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^ (Handle to Object on Managed Heap)

Declares a handle to an object on the managed heap.

A handle to an object on the managed heap points to the "whole" object, and not to a member of the object.

See gcnew for information on how to create an object on the managed heap.

In Visual C++ 2002 and Visual C++ 2003, __gc * was used to declare an object on the managed heap. The ^ replaces __gc * in the new syntax.

The common language runtime maintains a separate heap on which it implements a precise, asynchronous, compacting garbage collection scheme. To work correctly, it must track all storage locations that can point into this heap at runtime. ^ provides a handle through which the garbage collector can track a reference to an object on the managed heap, thereby being able to update it whenever that object is moved.

Because native C++ pointers (*) and references (&) cannot be tracked precisely, a handle-to object declarator is used.

Member selection through a handle (^) uses the pointer-to-member operator (->).

For more information, see How to: Declare Handles in Native Types.

This sample shows how to create an instance of reference type on the managed heap. This sample also shows that you can initialize one handle with another, resulting in two references to same object on managed, garbage-collected heap. Notice that assigning nullptr to one handle does not mark the object for garbage collection.

// mcppv2_handle.cpp
// compile with: /clr
ref class MyClass {
public:
   MyClass() : i(){}
   int i;
   void Test() {
      i++;
      System::Console::WriteLine(i);
   }
};

int main() {
   MyClass ^ p_MyClass = gcnew MyClass;
   p_MyClass->Test();

   MyClass ^ p_MyClass2;
   p_MyClass2 = p_MyClass;

   p_MyClass = nullptr;
   p_MyClass2->Test();   
}
1 2

The following sample shows how to declare a handle to an object on the managed heap, where the type of object is a boxed value type. The sample also shows how to get the value type from the boxed object.

// mcppv2_handle_2.cpp
// compile with: /clr
using namespace System;

void Test(Object^ o) {
   Int32^ i = dynamic_cast<Int32^>(o);

   if(i)
      Console::WriteLine(i);
   else
      Console::WriteLine("Not a boxed int");
}

int main() {
   String^ str = "test";
   Test(str);

   int n = 100;
   Test(n);
}
Not a boxed int 100

This sample shows that the common C++ idiom of using a void* pointer to point to an arbitrary object is replaced by Object^, which can hold a handle to any reference class. It also shows that all types, such as arrays and delegates, can be converted to an object handle.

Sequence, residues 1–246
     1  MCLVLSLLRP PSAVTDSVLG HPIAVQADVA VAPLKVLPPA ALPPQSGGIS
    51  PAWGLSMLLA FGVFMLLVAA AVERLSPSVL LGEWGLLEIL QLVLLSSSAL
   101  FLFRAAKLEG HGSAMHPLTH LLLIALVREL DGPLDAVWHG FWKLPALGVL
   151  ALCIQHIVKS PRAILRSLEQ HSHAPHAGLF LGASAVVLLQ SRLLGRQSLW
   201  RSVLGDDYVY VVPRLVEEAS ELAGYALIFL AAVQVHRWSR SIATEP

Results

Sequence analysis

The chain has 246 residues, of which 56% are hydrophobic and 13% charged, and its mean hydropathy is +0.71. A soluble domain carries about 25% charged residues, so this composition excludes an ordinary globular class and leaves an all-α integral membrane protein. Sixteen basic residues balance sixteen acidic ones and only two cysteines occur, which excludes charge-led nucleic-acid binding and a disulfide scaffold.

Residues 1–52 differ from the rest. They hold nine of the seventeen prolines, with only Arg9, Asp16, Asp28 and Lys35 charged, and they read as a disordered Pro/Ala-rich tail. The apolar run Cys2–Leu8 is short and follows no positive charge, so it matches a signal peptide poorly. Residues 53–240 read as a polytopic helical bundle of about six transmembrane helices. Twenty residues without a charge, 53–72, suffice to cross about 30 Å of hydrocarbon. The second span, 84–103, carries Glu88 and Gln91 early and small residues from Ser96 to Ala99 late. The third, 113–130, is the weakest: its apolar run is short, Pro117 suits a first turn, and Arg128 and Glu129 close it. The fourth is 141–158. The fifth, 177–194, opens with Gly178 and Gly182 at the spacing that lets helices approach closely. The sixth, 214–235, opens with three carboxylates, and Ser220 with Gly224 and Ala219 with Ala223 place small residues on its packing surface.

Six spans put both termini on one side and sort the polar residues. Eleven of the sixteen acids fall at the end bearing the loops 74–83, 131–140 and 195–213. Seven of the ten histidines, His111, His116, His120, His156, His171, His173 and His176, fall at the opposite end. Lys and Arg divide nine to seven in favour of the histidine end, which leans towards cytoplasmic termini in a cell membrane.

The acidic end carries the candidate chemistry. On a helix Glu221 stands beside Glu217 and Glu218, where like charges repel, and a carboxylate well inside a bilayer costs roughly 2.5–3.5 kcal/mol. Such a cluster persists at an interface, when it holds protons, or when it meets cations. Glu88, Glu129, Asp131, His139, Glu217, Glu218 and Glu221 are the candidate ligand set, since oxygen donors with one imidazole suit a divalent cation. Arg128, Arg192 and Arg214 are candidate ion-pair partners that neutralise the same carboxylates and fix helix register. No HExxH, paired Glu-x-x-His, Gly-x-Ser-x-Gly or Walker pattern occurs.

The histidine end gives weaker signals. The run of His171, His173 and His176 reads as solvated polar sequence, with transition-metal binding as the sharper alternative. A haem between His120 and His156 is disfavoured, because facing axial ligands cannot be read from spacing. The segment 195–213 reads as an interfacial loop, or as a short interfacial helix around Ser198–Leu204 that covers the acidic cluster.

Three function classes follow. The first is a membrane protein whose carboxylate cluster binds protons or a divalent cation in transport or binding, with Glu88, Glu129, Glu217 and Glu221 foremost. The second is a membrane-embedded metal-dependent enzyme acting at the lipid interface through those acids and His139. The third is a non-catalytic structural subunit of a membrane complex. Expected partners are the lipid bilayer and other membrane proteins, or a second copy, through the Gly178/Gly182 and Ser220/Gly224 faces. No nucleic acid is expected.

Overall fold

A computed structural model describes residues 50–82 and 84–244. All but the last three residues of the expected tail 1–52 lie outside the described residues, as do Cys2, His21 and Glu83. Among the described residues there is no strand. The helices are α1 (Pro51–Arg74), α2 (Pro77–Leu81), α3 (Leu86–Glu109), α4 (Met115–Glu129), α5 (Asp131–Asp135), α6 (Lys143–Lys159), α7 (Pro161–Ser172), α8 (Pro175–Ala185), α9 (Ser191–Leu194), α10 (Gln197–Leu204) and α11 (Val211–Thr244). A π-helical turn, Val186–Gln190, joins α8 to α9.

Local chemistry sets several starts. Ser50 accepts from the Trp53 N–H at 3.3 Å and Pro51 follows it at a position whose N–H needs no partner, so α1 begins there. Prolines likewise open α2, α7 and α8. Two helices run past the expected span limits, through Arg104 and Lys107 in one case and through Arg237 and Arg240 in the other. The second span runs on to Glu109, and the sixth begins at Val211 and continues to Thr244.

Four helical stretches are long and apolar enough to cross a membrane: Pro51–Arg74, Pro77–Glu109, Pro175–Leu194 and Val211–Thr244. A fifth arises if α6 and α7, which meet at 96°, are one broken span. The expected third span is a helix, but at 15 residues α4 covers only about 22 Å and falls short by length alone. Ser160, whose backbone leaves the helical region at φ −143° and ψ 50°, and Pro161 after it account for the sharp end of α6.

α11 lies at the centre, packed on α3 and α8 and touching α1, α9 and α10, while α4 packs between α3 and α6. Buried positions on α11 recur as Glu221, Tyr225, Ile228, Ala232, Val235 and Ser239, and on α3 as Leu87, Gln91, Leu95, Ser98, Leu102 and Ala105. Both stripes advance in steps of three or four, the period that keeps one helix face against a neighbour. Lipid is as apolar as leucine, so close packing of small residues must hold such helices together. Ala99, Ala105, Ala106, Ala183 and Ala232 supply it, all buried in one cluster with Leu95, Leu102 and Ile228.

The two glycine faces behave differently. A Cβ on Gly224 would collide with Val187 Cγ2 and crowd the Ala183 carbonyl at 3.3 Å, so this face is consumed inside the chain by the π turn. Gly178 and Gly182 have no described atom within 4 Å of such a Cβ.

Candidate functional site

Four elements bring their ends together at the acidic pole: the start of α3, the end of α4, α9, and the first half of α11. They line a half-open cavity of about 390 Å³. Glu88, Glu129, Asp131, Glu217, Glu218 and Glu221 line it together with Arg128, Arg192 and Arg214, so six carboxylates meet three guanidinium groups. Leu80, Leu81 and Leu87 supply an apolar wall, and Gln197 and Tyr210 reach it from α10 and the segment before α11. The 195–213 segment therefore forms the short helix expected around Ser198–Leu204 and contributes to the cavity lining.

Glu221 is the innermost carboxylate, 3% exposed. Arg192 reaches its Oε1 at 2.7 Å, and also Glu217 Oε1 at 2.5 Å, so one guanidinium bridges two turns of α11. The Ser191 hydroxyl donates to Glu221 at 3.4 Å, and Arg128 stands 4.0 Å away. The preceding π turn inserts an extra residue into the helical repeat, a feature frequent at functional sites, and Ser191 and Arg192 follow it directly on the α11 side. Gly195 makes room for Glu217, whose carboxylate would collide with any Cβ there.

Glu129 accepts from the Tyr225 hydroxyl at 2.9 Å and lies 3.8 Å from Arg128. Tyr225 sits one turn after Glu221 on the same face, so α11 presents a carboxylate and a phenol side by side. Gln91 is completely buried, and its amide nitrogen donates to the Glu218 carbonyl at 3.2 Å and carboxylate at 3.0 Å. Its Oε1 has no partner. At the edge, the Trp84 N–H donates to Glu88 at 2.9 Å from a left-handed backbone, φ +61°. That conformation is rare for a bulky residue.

// mcppv2_handle_3.cpp
// compile with: /clr
using namespace System;
using namespace System::Collections;
public delegate void MyDel();
ref class MyClass {
public:
   void Test() {}
};

void Test(Object ^ x) {
   Console::WriteLine("Type is {0}", x->GetType());
}

int main() {
   // handle to Object can hold any ref type
   Object ^ h_MyClass = gcnew MyClass;

   ArrayList ^ arr = gcnew ArrayList();
   arr->Add(gcnew MyClass);

   h_MyClass = dynamic_cast<MyClass ^>(arr[0]);
   Test(arr);

   Int32 ^ bi = 1;
   Test(bi);

   MyClass ^ h_MyClass2 = gcnew MyClass;

   MyDel^ DelInst = gcnew MyDel(h_MyClass2, &MyClass::Test);
   Test(DelInst);
}
Type is System.Collections.ArrayList Type is System.Int32 Type is MyDel

This sample shows that a handle can be dereferenced and that a member can be accessed via a dereferenced handle.

// mcppv2_handle_4.cpp
// compile with: /clr
using namespace System;
value struct DataCollection {
private:
   int Size;
   array<String^>^ x;

public:
   DataCollection(int i) : Size(i) {
      x = gcnew array<String^>(Size);
      for (int i = 0 ; i < Size ; i++)
         x[i] = i.ToString();
   }

   void f(int Item) {
      if (Item >= Size)
      {
         System::Console::WriteLine("Cannot access array element {0}, size is {1}", Item, Size);
         return;
      }
      else
         System::Console::WriteLine("Array value: {0}", x[Item]);
   }
};

void f(DataCollection y, int Item) {
   y.f(Item);
}

int main() {
   DataCollection ^ a = gcnew DataCollection(10);
   f(*a, 7);   // dereference a handle, return handle's object
   (*a).f(11);   // access member via dereferenced handle
}
Array value: 7 Cannot access array element 11, size is 10

This sample shows that a native reference (&) can’t bind to an int member of a managed type, .as the int may be stored in the garbage collected heap, and native references don’t track object movement in the managed heap. The fix is to use a local variable, or to change & to %, making it a tracking reference.

// mcppv2_handle_5.cpp
// compile with: /clr
ref struct A {
   void Test(unsigned int &){}
   void Test2(unsigned int %){}
   unsigned int i;
};

int main() {
   A a;
   a.i = 9;
   a.Test(a.i);   // C2664
   a.Test2(a.i);   // OK

   unsigned int j = 0;
   a.Test(j);   // OK
}

Compiler option: /clr

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